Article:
“When it was almost time for the Jewish Passover, Jesus went up to Jerusalem. In the temple courts, he found people selling cattle, sheep, and doves, and others sitting at tables exchanging money. So he made a whip out of cords, and drove all from the temple courts, both sheep and cattle; he scattered the coins of the money-changers and overturned their tables” (John 2:13-15) (NIV).

His was not a display of anger, but an assertion of truth over what was happening. When using words like “hypocrites” against the Pharisees, Jesus was revealing the truth about their conduct, using Scriptures that they were in possession of. Those of this world would describe Jesus as having been undiplomatic to those Pharisees. Such accusations would be induced by a failure to appreciate the difference between anger and truth.

One of our Shona sayings is: “Chokwadi chinorwadza” (Truth is painful). Indeed, truth is unpalatable. That is why Jesus was mistaken for being angry when driving those money-changers out of the Temple. There was no need to be diplomatic, under those circumstances. He was projecting, exactly what was in God’s mind. This is different from an angry person, unable to reason when angry. Show me an angry person, then I would show you a lunatic.

I feel sorry for the parents of the Gukurahundi soldiers. The philosophical law of co-existence was reinforced by Jesus, during His Sermon on the Mount:So in everything, do to others what you would have them do to you, for this sums up the Law and the Prophets” (Matthew 7:12) (NIV). Jesus had previously described the sin of murder as having been different from what is coded in the Law of Moses:

“You have heard that it was said to the people long ago, ‘You shall not murder, and anyone who murders will be subject to judgment.’ But I tell you that anyone who is angry with a brother or sister will be subject to judgment. Again, anyone who says to a brother or sister, ‘Raca,’ is answerable to the court. And anyone who says, ‘You fool!’ will be in danger of the fire of hell. Therefore, if you are offering your gift at the altar and there remember that your brother or sister has something against you, leave your gift there in front of the altar. First, go and be reconciled to them; then come and offer your gift. “Settle matters quickly with your adversary who is taking you to court. Do it while you are still together on the way, or your adversary may hand you over to the judge, and the judge may hand you over to the officer, and you may be thrown into prison” (Matthew 5:21-25) (NIV).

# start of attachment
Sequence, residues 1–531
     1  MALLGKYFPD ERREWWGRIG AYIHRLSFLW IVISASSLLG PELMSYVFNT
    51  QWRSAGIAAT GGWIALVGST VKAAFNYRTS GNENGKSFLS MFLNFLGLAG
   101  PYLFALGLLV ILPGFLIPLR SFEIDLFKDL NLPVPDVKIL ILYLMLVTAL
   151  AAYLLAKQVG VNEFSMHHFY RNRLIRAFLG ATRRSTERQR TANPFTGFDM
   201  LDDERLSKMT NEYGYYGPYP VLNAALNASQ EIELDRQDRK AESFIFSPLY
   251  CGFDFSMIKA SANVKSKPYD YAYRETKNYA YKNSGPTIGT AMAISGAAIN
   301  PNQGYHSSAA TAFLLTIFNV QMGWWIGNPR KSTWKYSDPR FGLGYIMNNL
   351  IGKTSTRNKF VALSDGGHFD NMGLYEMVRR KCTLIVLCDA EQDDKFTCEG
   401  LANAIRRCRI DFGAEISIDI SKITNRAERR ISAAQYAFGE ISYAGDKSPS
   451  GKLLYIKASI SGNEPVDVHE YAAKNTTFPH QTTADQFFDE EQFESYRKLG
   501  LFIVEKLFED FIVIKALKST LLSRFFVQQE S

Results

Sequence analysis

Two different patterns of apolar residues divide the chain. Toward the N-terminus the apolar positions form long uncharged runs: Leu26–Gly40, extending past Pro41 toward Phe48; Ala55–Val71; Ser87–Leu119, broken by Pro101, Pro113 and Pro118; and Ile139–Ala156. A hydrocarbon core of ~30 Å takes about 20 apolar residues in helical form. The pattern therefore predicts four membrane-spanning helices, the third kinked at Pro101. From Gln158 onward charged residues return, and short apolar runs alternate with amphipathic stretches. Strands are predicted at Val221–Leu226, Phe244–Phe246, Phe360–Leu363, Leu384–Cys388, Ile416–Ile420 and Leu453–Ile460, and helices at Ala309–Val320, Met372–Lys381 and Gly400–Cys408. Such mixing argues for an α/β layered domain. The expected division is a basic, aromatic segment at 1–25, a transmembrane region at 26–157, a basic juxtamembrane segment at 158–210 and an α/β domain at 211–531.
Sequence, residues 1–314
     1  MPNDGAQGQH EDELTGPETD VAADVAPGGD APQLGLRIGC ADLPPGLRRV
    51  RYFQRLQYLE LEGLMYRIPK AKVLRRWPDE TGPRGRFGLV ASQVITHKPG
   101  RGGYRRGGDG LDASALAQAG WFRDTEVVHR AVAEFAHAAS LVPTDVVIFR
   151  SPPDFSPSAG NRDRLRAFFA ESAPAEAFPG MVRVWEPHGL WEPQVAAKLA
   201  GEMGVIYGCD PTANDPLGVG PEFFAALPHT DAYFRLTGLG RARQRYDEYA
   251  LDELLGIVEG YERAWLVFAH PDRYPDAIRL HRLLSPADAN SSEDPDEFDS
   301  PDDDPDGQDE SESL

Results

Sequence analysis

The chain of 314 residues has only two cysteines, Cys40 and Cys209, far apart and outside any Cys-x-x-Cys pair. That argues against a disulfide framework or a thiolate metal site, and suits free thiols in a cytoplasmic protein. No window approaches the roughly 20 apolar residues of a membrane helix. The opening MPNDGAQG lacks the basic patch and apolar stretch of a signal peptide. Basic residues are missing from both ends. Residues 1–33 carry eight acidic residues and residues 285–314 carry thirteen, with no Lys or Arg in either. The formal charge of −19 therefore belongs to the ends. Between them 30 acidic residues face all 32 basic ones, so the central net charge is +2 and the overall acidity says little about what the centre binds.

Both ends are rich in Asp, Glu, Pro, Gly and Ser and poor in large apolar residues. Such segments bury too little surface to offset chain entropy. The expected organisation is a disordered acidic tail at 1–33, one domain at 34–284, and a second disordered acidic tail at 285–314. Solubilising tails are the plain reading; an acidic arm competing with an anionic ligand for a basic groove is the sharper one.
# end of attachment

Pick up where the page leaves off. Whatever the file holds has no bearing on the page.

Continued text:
The disapproval of wrongness by Jesus should not be mistaken for anger. That was not anger, necessarily, but portraying truth, which becomes turbulent when mixed with falsehood. In fact, there was never a time that Jesus became angry when He walked on earth. He showed love to His enemies, even at the crucifixion. His enemies were angry, but He was never angry with them.

The above Scripture shows how Christians should avoid anger. That does not mean being “diplomatic” on matters of truth. Thabo Mbeki may have assumed showing love to Robert Mugabe, in his quiet diplomacy. But as truth now comes out, He was the worst enemy of Mugabe. He could have salvaged His dignity by telling him the truth about his follies.

While anger is one of the natural human emotions, only when guided by the Holy Spirit can one control it, exercising reason at all times. A true Christian is not apologetic, as if seeking to please the wrong-doers. He is friendly, but forthright on matters of truth. In other words, it is impossible for truth to mix with falsehoods. Thabo Mbeki’s case can be the best example of what happens when falsehood is apologetically handled.

To the Ephesians, Paul sought to clarify how truth could be mistaken for anger. The only thing that makes a Christian appear angry is falsehood. This is because truth and falsehood cannot mix. The quarrelsome condition, thereof, can easily be mistaken for anger. This is why Paul advised his listeners on how to deal with anger.